Security on mobile devices keeps hitting the headlines for all the wrong reasons. A recent report in The Times suggested that two of the most popular Bluetooth-enabled mobiles – Sony Ericsson’s T610 and Nokia’s 6310 – could be vulnerable to criminals, who use the Bluetooth wireless technology to copy information stored in the phones.
Chances are, such information would have limited commercial value, although it may include contact details and corporate emails as well as pictures, ringtones and text messages. But copying the content of a laptop or personal digital assistant (PDA) could be far more damaging. As devices such as smartphones become more powerful, storing documents in Word or Excel format as well as simple address and contact books, companies could become more vulnerable to information theft.
Nor is the problem restricted to Bluetooth devices, or even those with more powerful, wireless Internet (WiFi) cards.
Much has been made of the potential security risks posed by wireless networking, but although there are dangers, hacking into a wireless connection requires a degree of technical know-how as well as close physical proximity. WiFi connections only work over a few hundred metres, and Bluetooth links are shorter still.
For a criminal to target a wireless connection for information theft – rather than just to gain free surfing on a wireless access point – they have to find the person they want to target and know when they will be sending sensitive information.
Luckily, relatively straightforward technology such as virtual private networks can prevent most snooping. But protecting networks does little to protect data against a casual thief who steals the device itself.
“There has been an awful lot of attention paid to wireless networks broadcasting information. We know how poor the security is on WiFi, but focusing on the wireless side has taken the attention away from the real issue, which is having end-to-end security,” says Nigel Deighton, a Gartner analyst.
Deighton likens the focus on wireless network security to “locking the doors but leaving the windows open”. He points out that many corporate users of smartphones and PDAs fail to set up even the basic PIN code security for their machines. And handheld computers and smart phones pose security risks at several levels.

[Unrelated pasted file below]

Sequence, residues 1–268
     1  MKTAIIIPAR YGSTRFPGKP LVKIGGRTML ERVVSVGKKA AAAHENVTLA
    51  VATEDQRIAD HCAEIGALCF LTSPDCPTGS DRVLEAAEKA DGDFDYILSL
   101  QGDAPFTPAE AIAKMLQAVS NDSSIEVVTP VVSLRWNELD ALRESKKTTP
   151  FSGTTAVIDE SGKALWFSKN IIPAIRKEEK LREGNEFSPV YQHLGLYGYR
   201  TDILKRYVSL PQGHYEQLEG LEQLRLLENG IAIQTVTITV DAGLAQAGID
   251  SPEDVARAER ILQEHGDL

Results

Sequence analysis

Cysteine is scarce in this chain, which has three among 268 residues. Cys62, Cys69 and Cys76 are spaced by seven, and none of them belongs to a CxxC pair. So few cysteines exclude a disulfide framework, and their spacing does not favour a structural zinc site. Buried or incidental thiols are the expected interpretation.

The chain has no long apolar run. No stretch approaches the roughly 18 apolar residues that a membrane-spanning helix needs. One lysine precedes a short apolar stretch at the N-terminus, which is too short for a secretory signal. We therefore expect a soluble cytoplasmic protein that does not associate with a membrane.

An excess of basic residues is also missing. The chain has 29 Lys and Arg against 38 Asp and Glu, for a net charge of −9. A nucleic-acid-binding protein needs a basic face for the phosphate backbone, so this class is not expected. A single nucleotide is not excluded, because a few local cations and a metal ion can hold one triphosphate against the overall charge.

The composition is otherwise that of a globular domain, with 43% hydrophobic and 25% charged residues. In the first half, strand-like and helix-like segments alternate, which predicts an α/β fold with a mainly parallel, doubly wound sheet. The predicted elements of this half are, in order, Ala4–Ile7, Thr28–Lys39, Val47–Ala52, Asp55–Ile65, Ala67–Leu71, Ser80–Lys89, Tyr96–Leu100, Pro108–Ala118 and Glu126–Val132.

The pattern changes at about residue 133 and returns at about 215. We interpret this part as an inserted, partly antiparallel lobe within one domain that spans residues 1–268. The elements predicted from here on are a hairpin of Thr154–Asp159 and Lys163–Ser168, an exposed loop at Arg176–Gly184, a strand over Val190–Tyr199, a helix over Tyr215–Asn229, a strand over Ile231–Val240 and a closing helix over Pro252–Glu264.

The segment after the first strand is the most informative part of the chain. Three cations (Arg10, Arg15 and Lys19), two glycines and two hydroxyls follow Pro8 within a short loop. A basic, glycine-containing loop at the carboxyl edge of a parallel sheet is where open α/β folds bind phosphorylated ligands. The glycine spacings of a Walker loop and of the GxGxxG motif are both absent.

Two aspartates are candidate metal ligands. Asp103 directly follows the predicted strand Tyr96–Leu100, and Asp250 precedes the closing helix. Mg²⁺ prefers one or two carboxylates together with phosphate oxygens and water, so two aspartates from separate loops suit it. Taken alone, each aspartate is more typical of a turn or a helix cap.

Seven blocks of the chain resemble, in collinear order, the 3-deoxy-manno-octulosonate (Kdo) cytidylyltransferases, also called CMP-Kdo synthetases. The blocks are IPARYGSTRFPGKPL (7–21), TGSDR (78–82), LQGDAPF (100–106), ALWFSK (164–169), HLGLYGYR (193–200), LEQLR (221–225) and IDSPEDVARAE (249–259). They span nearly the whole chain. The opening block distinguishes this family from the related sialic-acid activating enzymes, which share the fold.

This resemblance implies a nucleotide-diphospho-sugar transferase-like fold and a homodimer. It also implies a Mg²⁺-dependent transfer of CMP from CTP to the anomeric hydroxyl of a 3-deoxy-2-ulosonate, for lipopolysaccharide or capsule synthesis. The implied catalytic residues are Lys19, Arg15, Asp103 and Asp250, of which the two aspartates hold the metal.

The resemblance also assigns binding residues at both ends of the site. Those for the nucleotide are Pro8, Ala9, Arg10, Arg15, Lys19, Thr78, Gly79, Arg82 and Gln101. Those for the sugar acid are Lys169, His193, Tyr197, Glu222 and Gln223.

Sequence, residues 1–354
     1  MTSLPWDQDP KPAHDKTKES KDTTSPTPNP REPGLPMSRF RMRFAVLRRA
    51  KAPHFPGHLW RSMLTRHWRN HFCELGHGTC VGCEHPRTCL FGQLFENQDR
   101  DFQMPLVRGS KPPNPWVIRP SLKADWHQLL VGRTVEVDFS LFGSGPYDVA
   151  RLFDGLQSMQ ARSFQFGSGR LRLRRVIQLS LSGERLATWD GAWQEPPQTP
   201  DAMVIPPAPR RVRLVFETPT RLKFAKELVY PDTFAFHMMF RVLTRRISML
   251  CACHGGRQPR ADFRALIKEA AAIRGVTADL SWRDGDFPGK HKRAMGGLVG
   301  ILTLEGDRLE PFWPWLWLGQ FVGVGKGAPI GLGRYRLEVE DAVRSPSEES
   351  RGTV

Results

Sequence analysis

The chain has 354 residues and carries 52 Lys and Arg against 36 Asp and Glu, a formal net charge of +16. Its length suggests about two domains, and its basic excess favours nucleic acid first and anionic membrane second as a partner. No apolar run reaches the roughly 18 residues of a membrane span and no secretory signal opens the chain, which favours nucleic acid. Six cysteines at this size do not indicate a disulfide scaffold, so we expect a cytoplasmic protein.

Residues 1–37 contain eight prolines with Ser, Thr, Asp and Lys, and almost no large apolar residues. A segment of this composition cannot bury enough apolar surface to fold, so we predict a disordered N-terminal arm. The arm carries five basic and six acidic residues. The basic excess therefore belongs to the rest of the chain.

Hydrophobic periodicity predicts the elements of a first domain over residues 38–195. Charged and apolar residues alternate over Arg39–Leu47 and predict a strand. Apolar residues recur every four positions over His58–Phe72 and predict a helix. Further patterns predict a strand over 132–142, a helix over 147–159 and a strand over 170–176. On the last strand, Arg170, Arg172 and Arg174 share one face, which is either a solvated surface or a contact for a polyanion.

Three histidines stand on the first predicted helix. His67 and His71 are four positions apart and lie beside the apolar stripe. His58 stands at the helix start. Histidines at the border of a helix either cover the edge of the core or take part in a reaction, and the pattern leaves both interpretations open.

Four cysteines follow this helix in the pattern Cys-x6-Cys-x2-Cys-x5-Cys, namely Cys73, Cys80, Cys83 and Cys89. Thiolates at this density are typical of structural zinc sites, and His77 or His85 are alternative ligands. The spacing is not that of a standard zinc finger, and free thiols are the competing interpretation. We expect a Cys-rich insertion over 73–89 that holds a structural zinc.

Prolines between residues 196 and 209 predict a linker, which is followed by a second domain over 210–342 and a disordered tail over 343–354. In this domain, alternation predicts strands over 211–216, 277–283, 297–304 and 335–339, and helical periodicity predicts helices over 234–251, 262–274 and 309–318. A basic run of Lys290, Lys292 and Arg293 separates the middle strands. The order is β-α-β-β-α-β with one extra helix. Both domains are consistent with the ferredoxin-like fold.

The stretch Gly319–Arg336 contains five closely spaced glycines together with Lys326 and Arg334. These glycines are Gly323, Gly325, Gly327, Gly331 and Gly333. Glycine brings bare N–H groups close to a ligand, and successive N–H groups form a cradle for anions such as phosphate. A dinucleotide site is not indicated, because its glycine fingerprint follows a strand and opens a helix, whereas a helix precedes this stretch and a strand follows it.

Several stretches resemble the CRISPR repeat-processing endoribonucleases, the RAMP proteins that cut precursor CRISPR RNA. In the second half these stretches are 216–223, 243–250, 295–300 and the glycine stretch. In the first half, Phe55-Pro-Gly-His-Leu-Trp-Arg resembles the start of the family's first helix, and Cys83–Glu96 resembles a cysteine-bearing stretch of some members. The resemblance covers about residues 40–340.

More powerful PDAs, equipped with large built-in memories and removable storage cards, could also become Trojan horses and help hackers and other criminals gather sensitive information. And it is not just PDAs that pose a risk: Deighton warns that with devices such as Apple’s iPod, capable of holding tens of gigabytes of information, whole databases could be copied and stolen.
But perhaps the greatest threat comes from the data that employees legitimately store on their handhelds or smart phones. As mobile devices handle larger amounts of sensitive data, loss or theft becomes more serious. Although most CIOs are now aware of the need to provide at least basic security for laptop computers, handhelds and smartphones seem to receive less attention.
Even the physical design of some handhelds and smartphones increases the risk. “A data card could even fall out of a Pocket PC’s slot,” says Deighton. “They are not encrypted, and security has not, so far, been a priority for the manufacturers.”
There are, though, third-party encryption programs, strong authentication utilities and firewalls available for handhelds, especially for equipment running the Pocket PC operating system. And the industry itself is taking the issue more seriously.
But improving security means striking a balance between a safer way of working, and ease of use.
Graeme Proudler is a senior researcher at HP Labs in Bristol, and chair of the technical committee of the Trusted Computing Group, an industry body. He says that people using handheld computers have tended to run fewer open applications than, say, laptop users. This made handhelds a less attractive target to hackers or criminals. “Once the handheld becomes a fully-fledged computer, you are vulnerable to all these problems,” he says.
Proudler adds that security for a closed environment – as until recently mobile phones were – is relatively trivial. “The complexity arises from a rich environment where users can run multiple applications.”
The IT industry is working to build far higher levels of security into the hardware and operating system for handheld computers and smartphones, but experts such as Proudler caution that there is still some way to go.
In the meantime, he suggests that awareness of the security issues among IT directors is rising. Until the makers of handheld devices produce the next generation of more secure hardware and operating systems, third-party encryption and authentication software will be essential for anyone who carries sensitive information on a PDA or smartphone. And a robust policy on the type of information that should be on the device would also come in handy.